Wood is a superior substance from which mere mortals bring skill to natures finest boatbuilding material. Acolytes of the sacred fiber are poised for the annual pilgrimage to Port Townsend to see boatbuilding elevated to it’s highest state. I have been anticipating this time with naught to sustain me than a subscription to WoodenBoat magazine and the mental massaging of my obsession. I live a barnacles throw down the Straits of Juan de Fuca in Port Angeles which consistently fails me in this regard. What passed for a Kayak Symposium this spring was dominated by polyester and various fabrics frozen into shape with suspiciously toxic chemical matrices. Only the few enlightened enough to sport Greenland style paddles provided respite from the plasticization of maritime recreation.
They call this the Evergreen state. Washington has given me 12 years of coniferous landscapes. All that brilliant green is only slightly dimmed by the arrival of Autumn. The skeletons of millions of cedars and firs have provided industry to this rough-hewn heaven as long as human inhabitants have been able to fashion tools. You have to admire the tenacity of the native peoples who scraped the very marrow out of felled logs then took to the waves in an environment with tidal forces worthy of the myths they engendered. In decades past lumber schooners crowded the harbors of Puget Sound and sturdy tugs and steamboats fashioned from native timber brought local commerce into the industrial age. And of course yachting brought beauty and grace to the continuous movement of human enterprise in and around the Salish Sea.
Many different materials will float or can be shaped into vessels that will remain above water, mostly. Their prime attribute is to satisfy a variety of engineering specifications in a form that is smooth and homogeneous with a high strength to weight ratio. Thus are created unbroken surfaces of glaring white made up of things molded or welded from stuff torn out of the earth or synthesized in laboratories. Let me qualify my assessment of the panoply of boatbuilding materials by saying that I am confident that more poetry has been written about trees than glassfiber and polyester resin. Therein lies the difference between wood and it’s competitors. Yes, at the end of time the landfills of civilized society will bear a greater load of plastic bottle boats as we pop them out in identical dozens. But wood will have left a more indelible impression on the human soul. It is from the forest that a nutritious feast for the eye may be harvested. Port Townsend is the place to get fed.
For those of us who revere the art and craft of boatbuilding it can be hard on the neck trying to see everything at once. I try to make a plan each year with a special emphasis. Some years I have offered my services as crew on a schooner for Saturday’s Schooner Cup Race. Another year I concentrated on tools and materials. This is the year to visit with people and their boats. I will certainly stop in to see Kaci Cronkhite and Pax. There is nothing quite like a spidsgatter kept in Bristol fashion. When I was younger and fantasized about circumnavigating I was enamored of the famed Colin Archer designs and their many iterations. Since coming to the Puget Sound area I have seen that one could transform a crusty old fisherman into a ballerina. Maritime magic is the stuff of which spidsgatters are made.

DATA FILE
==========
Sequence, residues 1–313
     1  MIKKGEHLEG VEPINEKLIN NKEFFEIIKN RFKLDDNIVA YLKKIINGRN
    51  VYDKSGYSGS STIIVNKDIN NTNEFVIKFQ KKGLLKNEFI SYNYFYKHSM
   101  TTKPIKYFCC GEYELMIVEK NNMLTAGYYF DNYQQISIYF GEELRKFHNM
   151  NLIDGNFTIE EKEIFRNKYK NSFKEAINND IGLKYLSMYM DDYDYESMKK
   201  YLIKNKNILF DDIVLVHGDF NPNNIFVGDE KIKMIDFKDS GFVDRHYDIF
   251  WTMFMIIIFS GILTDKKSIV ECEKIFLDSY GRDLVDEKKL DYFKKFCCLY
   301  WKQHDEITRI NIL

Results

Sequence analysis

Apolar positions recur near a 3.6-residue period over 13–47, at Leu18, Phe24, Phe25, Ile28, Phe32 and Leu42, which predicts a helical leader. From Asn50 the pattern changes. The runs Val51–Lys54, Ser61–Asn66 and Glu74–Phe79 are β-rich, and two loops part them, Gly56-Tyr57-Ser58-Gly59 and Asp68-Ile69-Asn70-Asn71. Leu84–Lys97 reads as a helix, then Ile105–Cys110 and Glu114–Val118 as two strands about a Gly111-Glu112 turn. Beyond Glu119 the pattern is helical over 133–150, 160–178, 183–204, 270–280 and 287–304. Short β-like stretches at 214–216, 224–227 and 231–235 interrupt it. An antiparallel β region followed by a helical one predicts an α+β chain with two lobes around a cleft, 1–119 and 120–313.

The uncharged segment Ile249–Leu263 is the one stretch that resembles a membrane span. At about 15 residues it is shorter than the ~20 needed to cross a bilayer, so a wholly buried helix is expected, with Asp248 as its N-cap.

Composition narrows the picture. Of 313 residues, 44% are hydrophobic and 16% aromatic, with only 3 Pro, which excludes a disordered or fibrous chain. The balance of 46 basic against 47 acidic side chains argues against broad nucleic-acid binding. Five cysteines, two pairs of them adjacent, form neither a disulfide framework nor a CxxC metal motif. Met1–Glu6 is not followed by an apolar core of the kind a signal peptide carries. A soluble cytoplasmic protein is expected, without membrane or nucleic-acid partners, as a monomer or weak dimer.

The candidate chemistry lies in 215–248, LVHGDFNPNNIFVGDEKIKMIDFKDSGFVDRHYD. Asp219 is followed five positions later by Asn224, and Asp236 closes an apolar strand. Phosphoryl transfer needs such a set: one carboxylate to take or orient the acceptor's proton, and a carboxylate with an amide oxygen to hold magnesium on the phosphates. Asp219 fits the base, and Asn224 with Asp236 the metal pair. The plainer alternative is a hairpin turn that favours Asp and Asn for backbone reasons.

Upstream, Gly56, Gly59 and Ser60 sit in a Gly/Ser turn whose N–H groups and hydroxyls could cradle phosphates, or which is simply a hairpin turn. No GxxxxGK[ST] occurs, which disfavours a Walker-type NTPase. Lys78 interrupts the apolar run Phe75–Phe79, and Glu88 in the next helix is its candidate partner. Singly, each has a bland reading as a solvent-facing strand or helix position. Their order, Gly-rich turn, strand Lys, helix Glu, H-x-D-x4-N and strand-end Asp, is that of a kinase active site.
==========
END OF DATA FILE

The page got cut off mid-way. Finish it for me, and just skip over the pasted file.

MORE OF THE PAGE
Another essential visit to make is to Dave Eckler and his Chester Yawl. You may remember him from previous blog posts as I assisted him in the building of his fine 14 foot rowing craft. Dave will be exhibiting the boat along with some of his custom made accessories for other owners of rowing craft and kayaks. I especially like the efficient set up he has designed to hold oars securely in the boat while trailering. One of his items sure to be popular is an attractive small drink cooler for the thirsty rower.
Rowing is of special interest to me right now and I will be looking at the various offerings of designers and kit manufacturers with a critical eye. I hope to share my observations with my readers.
There is always more to see and do at the festival than I have time for. The wooden Boat Festival offers an embarrassment of riches. I refuse to believe it is too much of a good thing. I have been involved in woodcraft my whole life. Long ago I was selling woodcarvings at craft shows and was always struck by a common habit of the many people filing by my exhibit in any long day of hawking my wares. Many people were not content to look. They instinctively reached out to touch the wood. They often commented on the urge. Wood has an attraction that can’t be synthesized. We are drawn to it’s warmth as much when it is fashioned into an object of use or art as when it burns on the hearth. That’s why I go to The Wooden Boat festival. It will warm my heart better than anything as the chilly winds of Autumn presage the cold of winter. One needs memories to relish by the fireside.